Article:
Version: v1, Published online: 1998
Retrieved May 22, 2022, from https://www.rep.routledge.com/articles/overview/jewish-philosophy/v-1
Jewish philosophy is philosophical inquiry informed by the texts, traditions and experiences of the Jewish people. Its concerns range from the farthest reaches of cosmological speculation to the most intimate theatres of ethical choice and the most exigent fora of political debate. What distinguishes it as Jewish is the confidence of its practitioners that the literary catena of Jewish tradition contains insights and articulates values of lasting philosophical import. One mark of the enduring import of these ideas and values is their articulation in a variety of idioms, from the mythic and archetypal discourse of the Book of Genesis to the ethical and legislative prescriptions of the Pentateuch at large, to the admonitions of the Prophets, the juridical and allegorical midrash and dialectics of the Rabbis, and to the systematic demonstrations, flights of imagination, existential declarations and apercus of philosophers in the modern or the medieval mode.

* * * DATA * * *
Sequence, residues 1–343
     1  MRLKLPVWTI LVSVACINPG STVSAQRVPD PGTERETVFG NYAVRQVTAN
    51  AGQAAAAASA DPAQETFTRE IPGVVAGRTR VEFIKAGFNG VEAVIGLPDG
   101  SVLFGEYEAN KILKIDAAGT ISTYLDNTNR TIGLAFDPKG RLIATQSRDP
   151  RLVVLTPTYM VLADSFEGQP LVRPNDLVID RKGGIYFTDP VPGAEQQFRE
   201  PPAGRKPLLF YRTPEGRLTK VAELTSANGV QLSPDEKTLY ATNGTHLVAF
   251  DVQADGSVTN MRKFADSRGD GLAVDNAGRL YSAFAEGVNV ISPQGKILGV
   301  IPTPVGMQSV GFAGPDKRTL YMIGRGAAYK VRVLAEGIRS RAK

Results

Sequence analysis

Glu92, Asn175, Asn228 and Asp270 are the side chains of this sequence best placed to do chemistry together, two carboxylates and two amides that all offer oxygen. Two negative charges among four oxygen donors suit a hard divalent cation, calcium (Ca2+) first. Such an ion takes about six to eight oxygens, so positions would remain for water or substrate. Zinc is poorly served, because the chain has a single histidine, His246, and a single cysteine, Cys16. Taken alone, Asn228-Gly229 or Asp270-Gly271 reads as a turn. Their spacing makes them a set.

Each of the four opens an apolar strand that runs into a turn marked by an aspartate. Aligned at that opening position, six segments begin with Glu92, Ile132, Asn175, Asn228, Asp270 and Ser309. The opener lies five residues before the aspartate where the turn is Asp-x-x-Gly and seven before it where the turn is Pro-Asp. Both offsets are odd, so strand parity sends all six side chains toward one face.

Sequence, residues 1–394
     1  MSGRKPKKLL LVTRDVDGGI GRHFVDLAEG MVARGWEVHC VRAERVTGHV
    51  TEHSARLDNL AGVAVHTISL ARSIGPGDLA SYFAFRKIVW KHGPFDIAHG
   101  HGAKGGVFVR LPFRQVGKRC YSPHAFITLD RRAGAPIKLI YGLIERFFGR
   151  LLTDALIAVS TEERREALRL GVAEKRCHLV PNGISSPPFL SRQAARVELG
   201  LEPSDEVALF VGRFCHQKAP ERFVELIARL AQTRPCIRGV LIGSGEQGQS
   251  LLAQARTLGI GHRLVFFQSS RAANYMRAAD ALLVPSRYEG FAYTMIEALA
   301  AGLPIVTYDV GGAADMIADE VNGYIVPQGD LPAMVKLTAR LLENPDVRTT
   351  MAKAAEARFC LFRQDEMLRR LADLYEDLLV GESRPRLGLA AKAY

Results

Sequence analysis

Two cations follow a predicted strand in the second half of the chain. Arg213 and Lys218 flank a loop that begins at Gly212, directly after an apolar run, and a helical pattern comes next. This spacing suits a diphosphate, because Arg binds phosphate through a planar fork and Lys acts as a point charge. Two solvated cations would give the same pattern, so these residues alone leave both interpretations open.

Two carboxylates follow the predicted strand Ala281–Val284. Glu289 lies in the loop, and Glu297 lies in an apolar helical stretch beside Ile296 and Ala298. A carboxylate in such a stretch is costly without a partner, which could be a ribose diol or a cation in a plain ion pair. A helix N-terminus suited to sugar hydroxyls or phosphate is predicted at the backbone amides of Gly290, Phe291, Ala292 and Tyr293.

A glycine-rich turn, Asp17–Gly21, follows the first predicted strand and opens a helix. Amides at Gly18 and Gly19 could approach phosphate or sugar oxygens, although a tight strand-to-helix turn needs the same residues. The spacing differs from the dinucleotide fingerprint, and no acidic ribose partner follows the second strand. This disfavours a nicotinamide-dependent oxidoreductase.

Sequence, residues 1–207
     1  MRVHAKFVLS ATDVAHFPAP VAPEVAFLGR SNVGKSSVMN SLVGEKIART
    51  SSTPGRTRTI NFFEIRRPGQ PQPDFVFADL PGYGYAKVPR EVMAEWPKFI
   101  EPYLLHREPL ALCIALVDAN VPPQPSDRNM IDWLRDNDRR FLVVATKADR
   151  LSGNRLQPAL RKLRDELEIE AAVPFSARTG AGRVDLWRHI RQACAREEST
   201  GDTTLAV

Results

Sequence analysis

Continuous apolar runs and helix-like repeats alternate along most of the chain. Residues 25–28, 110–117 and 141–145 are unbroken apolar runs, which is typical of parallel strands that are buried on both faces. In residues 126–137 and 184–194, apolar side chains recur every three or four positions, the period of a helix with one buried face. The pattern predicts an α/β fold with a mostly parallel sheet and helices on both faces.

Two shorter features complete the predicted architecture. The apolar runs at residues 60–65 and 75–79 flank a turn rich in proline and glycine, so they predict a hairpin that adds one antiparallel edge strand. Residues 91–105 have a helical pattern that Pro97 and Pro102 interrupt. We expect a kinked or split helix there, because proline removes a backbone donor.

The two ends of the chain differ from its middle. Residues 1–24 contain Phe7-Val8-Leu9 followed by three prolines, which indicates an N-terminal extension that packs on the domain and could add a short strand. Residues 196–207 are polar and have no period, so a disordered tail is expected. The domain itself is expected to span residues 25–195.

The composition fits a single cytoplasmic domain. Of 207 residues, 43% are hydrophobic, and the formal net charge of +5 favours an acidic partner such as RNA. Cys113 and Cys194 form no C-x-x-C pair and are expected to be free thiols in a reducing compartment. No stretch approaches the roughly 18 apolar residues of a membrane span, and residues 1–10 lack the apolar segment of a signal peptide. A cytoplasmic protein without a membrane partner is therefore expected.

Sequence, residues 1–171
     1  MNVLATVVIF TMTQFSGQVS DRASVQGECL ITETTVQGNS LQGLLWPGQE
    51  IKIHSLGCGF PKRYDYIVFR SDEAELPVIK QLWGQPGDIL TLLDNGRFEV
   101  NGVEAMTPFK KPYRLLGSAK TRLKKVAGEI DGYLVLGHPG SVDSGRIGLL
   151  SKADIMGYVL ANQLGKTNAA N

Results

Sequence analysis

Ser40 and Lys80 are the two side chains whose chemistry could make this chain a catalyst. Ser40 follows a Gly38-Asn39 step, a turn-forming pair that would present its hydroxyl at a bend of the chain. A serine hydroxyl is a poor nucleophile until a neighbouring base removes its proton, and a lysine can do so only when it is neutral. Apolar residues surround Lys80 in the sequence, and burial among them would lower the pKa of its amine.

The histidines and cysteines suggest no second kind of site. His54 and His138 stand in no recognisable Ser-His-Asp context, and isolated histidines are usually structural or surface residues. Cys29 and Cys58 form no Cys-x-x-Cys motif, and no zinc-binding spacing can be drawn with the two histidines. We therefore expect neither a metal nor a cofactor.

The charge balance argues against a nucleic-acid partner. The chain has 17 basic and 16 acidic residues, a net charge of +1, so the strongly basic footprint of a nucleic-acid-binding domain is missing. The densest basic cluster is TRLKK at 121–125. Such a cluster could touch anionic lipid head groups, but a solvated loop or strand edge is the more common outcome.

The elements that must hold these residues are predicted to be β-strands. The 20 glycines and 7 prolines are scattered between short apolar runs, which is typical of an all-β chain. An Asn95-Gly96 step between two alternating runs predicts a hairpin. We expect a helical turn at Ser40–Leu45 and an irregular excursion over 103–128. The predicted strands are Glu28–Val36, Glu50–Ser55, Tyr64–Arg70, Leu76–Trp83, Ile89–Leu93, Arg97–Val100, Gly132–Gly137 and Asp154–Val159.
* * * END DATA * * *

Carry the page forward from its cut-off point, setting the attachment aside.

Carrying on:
Goodman, L.E.. Jewish philosophy, 1998, doi:10.4324/9780415249126-J066-1. Routledge Encyclopedia of Philosophy, Taylor and Francis, https://www.rep.routledge.com/articles/overview/jewish-philosophy/v-1.
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